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ClassicsOnline Home » ADAM, A.: Giselle [Ballet] (Highlights) (Slovak Radio Symphony, Mogrelia)
Of his many works for the stage, Adolphe Adam’s ballet Giselle ou Les Wilis is the best-known. The story is based on a legend in which the Wilis, or ghosts of unmarried girls, seek revenge on the living. Speedily written amidst a hotbed of Parisian infatuations and given a timeless parochial setting, this archetypal romantic ballet has everything from unrequited love to deceit, drama, tragedy, and conciliatory resolution. Andrew Mogrelia has been acclaimed for conducting of ‘warmth, grace and vitality’. (The Penguin Guide on Tchaikovsky’s Sleeping Beauty 8.550490–92)
Adolphe Adam (1803–1856)
Giselle ou Les Wilis: Ballet-pantomime in Two Acts
The son of a distinguished piano-teacher at the Paris Conservatoire, Adolphe Adam was born in Paris in 1803. His contemporary popular success depended on a series of compositions for the stage, with much of his later work rendered necessary by the failure of a theatre venture in the revolution of 1848 and the consequent need to pay off heavy debts. These were cleared by the time of his death in 1858. The best known of Adam’s eighty works for the stage remains his ballet Giselle or Les Wilis, an archetypal romantic ballet, with ingredients that had already appeared in La Sylphide and were to re-appear in various forms as the century went on.
Giselle is based on a legend according to which the ghosts of unmarried girls return to seek revenge on the living. The Wilis had already been described in a story in Heinrich Heine’s De l’Allemagne, although Heine received no credit for Giselle. The immediate inspiration for the ballet came from Théophile Gautier, spurred by his infatuation with the dancer Carlotta Grisi. Elements from Victor Hugo were to be incorporated in a libretto that was realised by the writer Jules Henri Vernoy de Saint-Georges in three days, while Adam took a week to sketch the music and three to complete it, making some use of earlier material. The choreography was devised by the Paris Opéra ballet-master Jean Coralli, with Giselle’s dances choreographed by Carlotta Grisi’s teacher and lover Jules Perrot. Designs were by Pierre Ciceri, who had also designed the sets for La Sylphide. The ballet was first produced on 18 June 1841 at the Opéra, the Théâtre de l’Académie royale de musique, when Grisi danced Giselle, Lucien Petipa Albrecht and Adèle Dumilâtre the Queen of the Wilis, Myrthe. Various changes have been made in the ballet since 1841, not least in a number of versions given in Russia, with an early restaging there by Perrot with Fanny Elssler, a rival Giselle, and Marius Petipa. The latter made his own choreographic contribution to later productions. The score includes interpolated scenes by Friedrich Burgmüller, who is best known for the peasant pas de deux in Act I of Giselle.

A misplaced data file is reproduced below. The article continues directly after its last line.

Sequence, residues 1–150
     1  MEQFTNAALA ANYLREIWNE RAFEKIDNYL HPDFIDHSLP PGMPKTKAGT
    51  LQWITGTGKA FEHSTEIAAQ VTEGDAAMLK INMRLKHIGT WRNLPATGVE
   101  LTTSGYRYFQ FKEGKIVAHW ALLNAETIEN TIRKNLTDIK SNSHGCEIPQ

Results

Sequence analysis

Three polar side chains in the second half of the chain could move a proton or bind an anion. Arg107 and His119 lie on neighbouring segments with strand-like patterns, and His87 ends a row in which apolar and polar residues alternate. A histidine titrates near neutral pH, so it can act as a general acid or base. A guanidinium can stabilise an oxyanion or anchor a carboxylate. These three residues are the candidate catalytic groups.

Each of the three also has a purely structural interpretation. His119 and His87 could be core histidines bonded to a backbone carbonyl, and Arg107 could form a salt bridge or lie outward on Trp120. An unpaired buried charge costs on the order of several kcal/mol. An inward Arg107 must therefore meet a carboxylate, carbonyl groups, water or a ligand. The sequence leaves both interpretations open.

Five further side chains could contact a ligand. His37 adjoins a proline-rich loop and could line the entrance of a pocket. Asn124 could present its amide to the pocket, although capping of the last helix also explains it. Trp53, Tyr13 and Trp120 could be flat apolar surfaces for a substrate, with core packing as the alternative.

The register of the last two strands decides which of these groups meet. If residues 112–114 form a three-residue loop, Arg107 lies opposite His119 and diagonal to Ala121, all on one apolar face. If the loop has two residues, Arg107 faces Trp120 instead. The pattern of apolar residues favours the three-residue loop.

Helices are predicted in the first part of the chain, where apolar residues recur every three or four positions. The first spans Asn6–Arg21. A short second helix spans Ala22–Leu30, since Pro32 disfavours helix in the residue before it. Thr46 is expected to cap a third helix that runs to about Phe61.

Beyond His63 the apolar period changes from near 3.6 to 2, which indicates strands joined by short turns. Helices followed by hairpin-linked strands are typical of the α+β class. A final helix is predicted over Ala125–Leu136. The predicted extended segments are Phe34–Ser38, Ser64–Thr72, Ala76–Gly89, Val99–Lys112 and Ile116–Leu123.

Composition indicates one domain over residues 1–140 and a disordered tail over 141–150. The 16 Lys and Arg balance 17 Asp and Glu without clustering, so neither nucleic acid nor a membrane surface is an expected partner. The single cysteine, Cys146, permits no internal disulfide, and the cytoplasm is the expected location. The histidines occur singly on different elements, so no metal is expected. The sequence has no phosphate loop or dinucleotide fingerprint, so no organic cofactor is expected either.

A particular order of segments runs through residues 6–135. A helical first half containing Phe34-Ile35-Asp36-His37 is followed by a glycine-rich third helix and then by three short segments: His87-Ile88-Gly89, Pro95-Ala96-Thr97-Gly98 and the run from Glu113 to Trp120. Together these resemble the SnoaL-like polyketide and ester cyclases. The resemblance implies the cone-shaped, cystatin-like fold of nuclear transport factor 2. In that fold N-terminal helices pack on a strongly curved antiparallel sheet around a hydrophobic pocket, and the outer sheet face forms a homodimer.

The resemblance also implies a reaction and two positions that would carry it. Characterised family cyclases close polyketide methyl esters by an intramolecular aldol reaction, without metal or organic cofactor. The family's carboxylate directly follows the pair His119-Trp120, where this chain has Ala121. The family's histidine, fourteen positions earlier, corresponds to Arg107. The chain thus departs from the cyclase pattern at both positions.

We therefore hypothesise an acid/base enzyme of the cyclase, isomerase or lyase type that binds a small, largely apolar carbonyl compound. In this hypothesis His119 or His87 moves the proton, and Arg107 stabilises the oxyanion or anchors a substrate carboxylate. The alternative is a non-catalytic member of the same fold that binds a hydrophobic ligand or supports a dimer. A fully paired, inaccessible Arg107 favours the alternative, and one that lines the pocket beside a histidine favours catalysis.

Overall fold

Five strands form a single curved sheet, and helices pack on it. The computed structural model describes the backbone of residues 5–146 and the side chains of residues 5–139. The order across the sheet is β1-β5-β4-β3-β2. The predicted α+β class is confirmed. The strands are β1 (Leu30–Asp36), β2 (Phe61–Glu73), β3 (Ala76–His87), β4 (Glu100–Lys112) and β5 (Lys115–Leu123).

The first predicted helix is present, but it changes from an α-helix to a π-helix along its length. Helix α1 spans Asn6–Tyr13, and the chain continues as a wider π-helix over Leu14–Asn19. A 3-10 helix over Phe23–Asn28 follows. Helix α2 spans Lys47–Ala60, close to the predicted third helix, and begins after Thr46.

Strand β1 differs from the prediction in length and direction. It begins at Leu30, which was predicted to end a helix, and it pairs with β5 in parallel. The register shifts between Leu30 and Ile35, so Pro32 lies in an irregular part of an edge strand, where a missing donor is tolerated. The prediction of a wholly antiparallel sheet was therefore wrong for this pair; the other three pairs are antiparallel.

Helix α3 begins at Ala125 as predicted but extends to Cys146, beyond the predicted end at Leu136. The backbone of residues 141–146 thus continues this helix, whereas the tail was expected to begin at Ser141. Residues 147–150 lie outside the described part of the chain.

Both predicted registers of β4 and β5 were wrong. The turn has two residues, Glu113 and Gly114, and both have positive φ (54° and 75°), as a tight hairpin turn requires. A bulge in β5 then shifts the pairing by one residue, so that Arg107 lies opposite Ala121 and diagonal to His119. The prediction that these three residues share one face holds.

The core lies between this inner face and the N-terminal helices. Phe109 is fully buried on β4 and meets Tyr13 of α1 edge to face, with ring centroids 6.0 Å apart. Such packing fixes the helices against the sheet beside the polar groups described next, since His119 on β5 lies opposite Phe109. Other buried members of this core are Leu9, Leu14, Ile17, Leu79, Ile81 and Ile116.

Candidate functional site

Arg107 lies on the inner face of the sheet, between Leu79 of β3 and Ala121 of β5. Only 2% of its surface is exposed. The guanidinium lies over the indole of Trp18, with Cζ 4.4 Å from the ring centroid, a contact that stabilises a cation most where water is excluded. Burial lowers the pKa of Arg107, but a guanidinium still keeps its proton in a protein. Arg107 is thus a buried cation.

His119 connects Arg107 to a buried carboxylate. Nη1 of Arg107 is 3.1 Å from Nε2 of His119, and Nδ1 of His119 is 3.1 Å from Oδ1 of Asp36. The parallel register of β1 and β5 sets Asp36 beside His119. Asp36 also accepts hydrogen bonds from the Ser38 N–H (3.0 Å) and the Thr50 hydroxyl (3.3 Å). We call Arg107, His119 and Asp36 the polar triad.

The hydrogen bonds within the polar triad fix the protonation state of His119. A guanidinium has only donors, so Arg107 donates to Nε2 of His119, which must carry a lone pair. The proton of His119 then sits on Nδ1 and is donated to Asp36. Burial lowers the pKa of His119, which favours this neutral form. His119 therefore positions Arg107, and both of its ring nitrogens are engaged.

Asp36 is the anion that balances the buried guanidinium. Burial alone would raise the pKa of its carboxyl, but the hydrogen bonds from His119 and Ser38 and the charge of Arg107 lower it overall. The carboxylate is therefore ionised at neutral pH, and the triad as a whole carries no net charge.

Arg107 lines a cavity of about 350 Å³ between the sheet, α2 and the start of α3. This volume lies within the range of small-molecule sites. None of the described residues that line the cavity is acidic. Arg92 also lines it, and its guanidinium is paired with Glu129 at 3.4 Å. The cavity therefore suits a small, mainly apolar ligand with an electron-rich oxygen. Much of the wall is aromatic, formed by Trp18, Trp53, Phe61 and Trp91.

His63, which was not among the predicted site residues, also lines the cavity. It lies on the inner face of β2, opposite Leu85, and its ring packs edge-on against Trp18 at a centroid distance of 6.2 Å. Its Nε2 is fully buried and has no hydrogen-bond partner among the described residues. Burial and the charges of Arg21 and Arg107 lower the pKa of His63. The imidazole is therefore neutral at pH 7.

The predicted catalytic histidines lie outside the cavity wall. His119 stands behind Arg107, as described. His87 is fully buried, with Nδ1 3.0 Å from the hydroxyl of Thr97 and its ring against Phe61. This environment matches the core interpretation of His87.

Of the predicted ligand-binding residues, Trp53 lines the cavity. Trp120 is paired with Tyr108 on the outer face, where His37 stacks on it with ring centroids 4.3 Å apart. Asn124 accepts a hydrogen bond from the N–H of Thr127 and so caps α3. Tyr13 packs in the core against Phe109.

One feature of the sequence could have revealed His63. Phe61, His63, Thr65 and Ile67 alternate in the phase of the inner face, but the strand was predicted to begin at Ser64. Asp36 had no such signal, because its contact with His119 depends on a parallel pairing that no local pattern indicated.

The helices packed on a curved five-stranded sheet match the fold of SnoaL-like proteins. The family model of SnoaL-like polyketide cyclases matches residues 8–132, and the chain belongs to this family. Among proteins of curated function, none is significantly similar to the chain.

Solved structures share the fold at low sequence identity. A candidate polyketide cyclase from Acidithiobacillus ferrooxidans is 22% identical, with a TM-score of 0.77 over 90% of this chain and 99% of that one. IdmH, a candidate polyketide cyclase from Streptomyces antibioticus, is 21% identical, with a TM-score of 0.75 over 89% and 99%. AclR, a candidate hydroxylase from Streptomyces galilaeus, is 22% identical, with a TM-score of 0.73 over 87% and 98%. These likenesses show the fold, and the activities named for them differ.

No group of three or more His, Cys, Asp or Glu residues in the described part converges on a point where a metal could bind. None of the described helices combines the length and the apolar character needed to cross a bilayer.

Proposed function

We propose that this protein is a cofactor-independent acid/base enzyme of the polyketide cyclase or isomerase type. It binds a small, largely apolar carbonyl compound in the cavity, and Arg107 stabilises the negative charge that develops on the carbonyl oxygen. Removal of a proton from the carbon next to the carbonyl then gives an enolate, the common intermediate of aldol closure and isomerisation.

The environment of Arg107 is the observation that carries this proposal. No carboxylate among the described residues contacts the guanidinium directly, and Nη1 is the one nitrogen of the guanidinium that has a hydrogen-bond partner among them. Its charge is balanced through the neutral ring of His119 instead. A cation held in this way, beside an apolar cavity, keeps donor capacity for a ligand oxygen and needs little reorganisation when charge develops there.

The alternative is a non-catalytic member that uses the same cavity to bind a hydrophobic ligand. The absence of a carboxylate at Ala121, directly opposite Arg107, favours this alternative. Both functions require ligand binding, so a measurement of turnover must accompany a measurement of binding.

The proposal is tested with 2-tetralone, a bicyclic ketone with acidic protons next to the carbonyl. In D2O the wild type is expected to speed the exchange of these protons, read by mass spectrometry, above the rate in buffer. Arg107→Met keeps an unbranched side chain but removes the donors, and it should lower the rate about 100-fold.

After the Introduction , the curtain opens to reveal the square of a Rhineland village. To the left of the stage is the house where Giselle and her mother live and to the right the house of the huntsman Hilarion, who is in love with Giselle. It is the time of the grape-harvest, and grape-pickers enter . Hilarion goes to knock on Giselle’s door, but is interrupted by the approach of Duke Albrecht and his attendant Wilfried. Albrecht removes his cloak and sword, resolved to woo Giselle, in the guise of a simple peasant, Loys, a course from which Wilfried tries to dissuade him . He knocks on the door, but hides, so that Giselle, when she comes out, sees no-one. She dances , but turning to go indoors again is waylaid by Albrecht. They dance together and love is inevitable, when a daisy, the petals of which she is plucking, assures her that Albrecht loves her. Hilarion emerges, and tries to disillusion Giselle, who will not hear him.
The grape-pickers return  and there is a waltz in which Giselle joins, with Albrecht. [Nevertheless Berthe, Giselle’s mother, warns her daughter to take care, since she has a weak heart. Giselle and her mother go into their house, while the sound of an approaching hunt is heard. The hunting-party enters, with Bathilde, betrothed to Albrecht, and her father, the Prince of Kurland. Giselle and Berthe offer the nobles refreshment and Bathilde and her father retire into the house to rest.] There is a march of the grape-pickers  and dancing to entertain the party  to . [Hilarion, who has found Albrecht’s sword and cloak, now tries to convince Giselle that her new lover is a nobleman and not to be trusted. There is a quarrel between the two men and this ends when Hilarion sounds his hunting-horn. Bathilde and her father come out and recognise Albrecht, who greets them, kissing Bathilde’s hand.] Giselle’s dreams are shattered and, out of her mind, she dances madly, finally dying of a broken heart. 
The second act is set in a clearing in the woods, where Giselle has been buried. Hilarion comes in , [but is terrified away by the distant sight of the will-o’-the-wisps.] The ghostly Queen Myrthe uses her magic  [and the Wilis appear, the ghosts of girls who had died unwed and now seek their revenge on all men. Each is summoned from her grave, ending with the ghost of Giselle, who dances. As they disappear, Albrecht comes in, seeking the grave of his Giselle, whose spirit now returns to dance with him.] The Wilis, however, have met with Hilarion , whom they now dance to death. Albrecht would meet the same fate  to , but Giselle saves him by dancing with him until break of day, when the power of the Wilis must be broken .
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ADAM, A.: Giselle [Ballet] (Highlights) (Slovak Ra...